Despite its looks and luxe reputation, Atlantic lobster is relatively easy to barbecue.
All you need is a few ingredients—oil, salt, pepper, butter, and herbs. Chef Brad Smoliak, owner of Edmonton’s Kitchen by Brad, also adds wine and brandy to his grilled shellfish.
“I like to pan fry it on the barbecue because you get more carmelization, and the butter and brandy is cooked into the meat,” he says.
Smoliak recommends getting your lobsters at local fishmongers—such as Effin’ Foods or Ocean Odyssey Inland in Edmonton—but using frozen lobster tails are also an option.
Here are some prep and grill tips:
Blanch the lobster by boiling it for a few minutes, then chilling it on ice.
Slice the shellfish in half. Remove the head, scrape out the tomalley—or “goo,” as Smoliak calls it—from the body cavity, and rinse off the lobster pieces.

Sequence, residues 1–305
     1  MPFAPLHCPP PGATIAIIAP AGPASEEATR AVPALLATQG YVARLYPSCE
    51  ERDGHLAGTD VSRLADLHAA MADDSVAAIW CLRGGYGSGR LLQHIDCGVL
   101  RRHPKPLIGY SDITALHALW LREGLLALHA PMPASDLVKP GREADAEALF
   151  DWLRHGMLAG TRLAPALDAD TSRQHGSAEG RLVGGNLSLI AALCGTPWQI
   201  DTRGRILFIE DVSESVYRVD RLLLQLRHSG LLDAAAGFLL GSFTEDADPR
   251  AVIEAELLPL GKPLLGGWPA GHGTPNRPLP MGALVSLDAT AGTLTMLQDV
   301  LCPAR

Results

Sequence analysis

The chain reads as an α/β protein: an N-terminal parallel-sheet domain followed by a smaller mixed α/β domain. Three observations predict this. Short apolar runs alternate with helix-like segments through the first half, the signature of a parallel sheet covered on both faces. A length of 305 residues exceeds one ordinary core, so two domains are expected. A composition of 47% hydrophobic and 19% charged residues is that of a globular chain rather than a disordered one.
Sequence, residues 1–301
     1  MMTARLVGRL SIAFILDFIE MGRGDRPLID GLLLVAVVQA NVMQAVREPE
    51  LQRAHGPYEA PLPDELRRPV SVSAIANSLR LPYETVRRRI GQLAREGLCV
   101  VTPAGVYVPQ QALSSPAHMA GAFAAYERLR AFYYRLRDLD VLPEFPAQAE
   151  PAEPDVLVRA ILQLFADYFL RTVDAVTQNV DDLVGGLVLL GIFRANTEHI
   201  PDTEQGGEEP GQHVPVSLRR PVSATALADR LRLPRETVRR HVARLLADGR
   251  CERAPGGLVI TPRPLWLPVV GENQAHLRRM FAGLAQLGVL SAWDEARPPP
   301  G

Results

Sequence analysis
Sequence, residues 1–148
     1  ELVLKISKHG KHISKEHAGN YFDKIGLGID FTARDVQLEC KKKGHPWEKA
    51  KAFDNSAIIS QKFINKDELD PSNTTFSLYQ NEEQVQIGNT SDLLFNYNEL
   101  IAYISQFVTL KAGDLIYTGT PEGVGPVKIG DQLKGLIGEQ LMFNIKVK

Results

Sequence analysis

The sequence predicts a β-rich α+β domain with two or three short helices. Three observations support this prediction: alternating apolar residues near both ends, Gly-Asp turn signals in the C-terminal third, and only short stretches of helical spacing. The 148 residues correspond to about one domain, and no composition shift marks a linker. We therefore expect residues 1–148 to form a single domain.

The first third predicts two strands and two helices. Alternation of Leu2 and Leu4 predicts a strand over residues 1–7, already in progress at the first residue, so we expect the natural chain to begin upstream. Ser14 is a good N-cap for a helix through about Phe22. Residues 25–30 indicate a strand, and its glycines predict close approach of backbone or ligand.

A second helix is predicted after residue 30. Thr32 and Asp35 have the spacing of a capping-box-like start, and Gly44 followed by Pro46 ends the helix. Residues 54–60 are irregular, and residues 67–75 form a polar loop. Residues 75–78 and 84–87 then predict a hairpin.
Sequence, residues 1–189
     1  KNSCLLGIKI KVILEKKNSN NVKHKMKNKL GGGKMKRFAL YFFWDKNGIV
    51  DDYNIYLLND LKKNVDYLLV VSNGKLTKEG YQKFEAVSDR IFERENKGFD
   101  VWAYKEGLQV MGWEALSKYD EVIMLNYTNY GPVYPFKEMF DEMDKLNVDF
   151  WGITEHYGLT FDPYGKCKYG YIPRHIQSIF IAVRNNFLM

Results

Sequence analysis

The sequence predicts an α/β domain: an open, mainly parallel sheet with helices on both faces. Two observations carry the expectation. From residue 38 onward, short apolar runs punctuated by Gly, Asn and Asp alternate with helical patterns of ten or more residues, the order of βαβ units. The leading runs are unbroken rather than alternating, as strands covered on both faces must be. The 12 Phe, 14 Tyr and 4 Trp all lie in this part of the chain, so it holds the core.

Take the claws, right at the knuckles, and break them off.
Heat up a pan on the grill for about 10 minutes. “You want it scorching hot,” says Smoliak. Make sure to wear gloves.
Add a thin layer of oil to the pan, then place the lobster shell down. “Doing so will almost steam the lobster for a few moments,” says Smoliak. “You want to cook all the water out.”
Add a little salt and pepper. Grill the lobster for about two minutes, shake the pan every so often. Add a little more oil if the pan dries up.
Flip the lobster over and give the pan another shake. Add a splash of white wine. Grill for another two minutes.
Add knuckles and claws to pan. Cook for two or three minutes.
Add a healthy splash of brandy to make a sauce. Smoliak recommends taking the pan off the heat while doing so. “You don’t want to lose your hair.” Cook for another two minutes.
Add butter. Turn lobster pieces over to make sure they’re well basted in the butter.
Plate and add some Maldon salt.
Serve with potato salad, corn on the cob and/or sourdough bread.
Visit AMA’s Backyard BBQ partners to pick up all your barbecue needs.